The Tenth is changing. Mitt Romney won the district by twenty points in 2012, Trump won by nine points in 2016, and Ted Cruz lost by two-tenths of a percent in 2018. Much of this change has been driven by growth in the urban parts of the district over the last decade, a trend that seems to have kept up after Siegel’s close loss in the 2018 contest: in the last two years, Travis County has added more than 70,000 new voters, while Harris County has added 111,360 to its rolls. (Not every newly registered voter in either county lives in TX-10, of course, but enough of them do to identify the district as one that’s rapidly changing.)
Siegel won Austin by a huge margin in 2018, while McCaul won over voters in the Houston suburbs that year by a narrower (but still comfortable) amount. The rural middle part of the district, meanwhile, also favored McCaul—but 2018 Libertarian party candidate Mike Ryan pulled a whopping 8 percent of the vote outside of Harris and Travis Counties. Siegel could win this year if he runs up the numbers in Austin, keeps it closer in the Houston suburbs, and if the Libertarian on the ballot, Roy Eriksen, can pull votes from McCaul outside of the two cities. (The possibility that third-party candidates could have an impact on close House races led the Texas GOP to sue to keep 44 Libertarians off the ballot earlier this year, though they lost the suit.)
There’s been only one nonpartisan poll of TX-10, and it was an unusual one, focused primarily on congressional term limits—an issue that neither candidate has taken a stance on—and paid for by a pro–term limits organization. Conducted in late July and early August, it found McCaul up by seven points (though the pollsters also said Siegel would win the district if he added term limits to his platform, a finding that is probably dubious). Siegel’s campaign, meanwhile, released an internal poll in early October that showed him behind by two points.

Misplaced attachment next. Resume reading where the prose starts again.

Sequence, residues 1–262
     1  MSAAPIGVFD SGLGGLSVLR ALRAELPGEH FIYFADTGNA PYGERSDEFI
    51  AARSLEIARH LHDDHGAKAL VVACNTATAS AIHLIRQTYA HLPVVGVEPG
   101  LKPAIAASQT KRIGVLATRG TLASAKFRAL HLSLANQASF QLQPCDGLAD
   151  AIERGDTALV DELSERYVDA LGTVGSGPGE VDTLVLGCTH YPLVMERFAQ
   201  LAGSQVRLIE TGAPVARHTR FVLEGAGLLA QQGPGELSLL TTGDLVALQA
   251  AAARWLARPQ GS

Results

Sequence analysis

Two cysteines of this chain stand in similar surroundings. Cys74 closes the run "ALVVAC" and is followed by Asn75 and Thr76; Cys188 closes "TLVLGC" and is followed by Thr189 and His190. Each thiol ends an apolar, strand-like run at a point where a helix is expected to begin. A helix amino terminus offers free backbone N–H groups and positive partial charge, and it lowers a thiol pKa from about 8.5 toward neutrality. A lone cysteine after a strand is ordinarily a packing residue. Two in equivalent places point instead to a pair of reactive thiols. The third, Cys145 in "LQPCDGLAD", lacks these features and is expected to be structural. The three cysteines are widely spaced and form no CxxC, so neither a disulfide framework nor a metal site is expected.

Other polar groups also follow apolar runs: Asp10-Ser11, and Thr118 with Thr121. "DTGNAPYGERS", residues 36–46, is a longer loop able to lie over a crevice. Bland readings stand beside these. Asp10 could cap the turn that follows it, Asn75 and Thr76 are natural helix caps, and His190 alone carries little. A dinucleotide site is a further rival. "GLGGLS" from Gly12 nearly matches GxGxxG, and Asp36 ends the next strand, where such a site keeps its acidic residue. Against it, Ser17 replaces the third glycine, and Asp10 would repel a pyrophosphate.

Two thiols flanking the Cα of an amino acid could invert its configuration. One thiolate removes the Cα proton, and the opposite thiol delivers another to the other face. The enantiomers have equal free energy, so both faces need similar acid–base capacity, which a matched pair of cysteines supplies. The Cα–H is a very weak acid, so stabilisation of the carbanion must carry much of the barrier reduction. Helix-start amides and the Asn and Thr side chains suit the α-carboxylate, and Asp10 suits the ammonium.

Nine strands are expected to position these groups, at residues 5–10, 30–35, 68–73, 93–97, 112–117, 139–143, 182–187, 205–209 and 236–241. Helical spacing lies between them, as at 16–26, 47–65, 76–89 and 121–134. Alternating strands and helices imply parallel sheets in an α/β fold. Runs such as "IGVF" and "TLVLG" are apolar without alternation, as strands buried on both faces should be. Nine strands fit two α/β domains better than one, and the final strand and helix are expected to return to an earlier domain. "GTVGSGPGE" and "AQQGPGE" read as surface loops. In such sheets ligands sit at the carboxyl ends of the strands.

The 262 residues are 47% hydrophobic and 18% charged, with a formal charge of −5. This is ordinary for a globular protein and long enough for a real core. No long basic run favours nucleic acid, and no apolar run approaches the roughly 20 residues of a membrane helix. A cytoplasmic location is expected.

Why It Probably Won’t
The Cook Political Report described the progressive Siegel’s primary triumph over the centrist and better funded Pritesh Ghandi as a “setback” for Democrats looking to take the seat. McCaul has tapped his campaign war chest in an attempt to prove why: In recent weeks, he’s tried to paint Siegel as a police-defunding prison abolitionist with ties to the Austin City Council, which recently cut the city’s law enforcement budget.
Siegel avoids using the phrase “defund the police,” but he does support abolishing private prisons, and one of his high-profile allies is progressive Austin councilmember Greg Casar. Siegel’s progressive platform allows McCaul to draw a contrast between himself and the challenger that candidates in other swing districts can’t do with much sincerity. That may prove useful, as voters in the district don’t seem to cast their ballots based strictly along party lines. Even though Beto O’Rourke got more votes in TX-10 than Ted Cruz in 2018, McCaul won reelection over Siegel. It’s plausible that Biden could get more votes than Trump in the district in November and that McCaul could keep his seat.
The Bottom Line
If Austin turns out in big numbers, and the Houston suburbs prove receptive to a Democrat in the Alexandria Ocasio-Cortez mold, Siegel could win., But the safe assessment here is that the district is more likely to go to the conservative. Cook Political Report rates the district as having a nine-point Republican tilt, and most well-funded, influential incumbents in districts that were drawn specifically for them to win tend to do well during presidential years.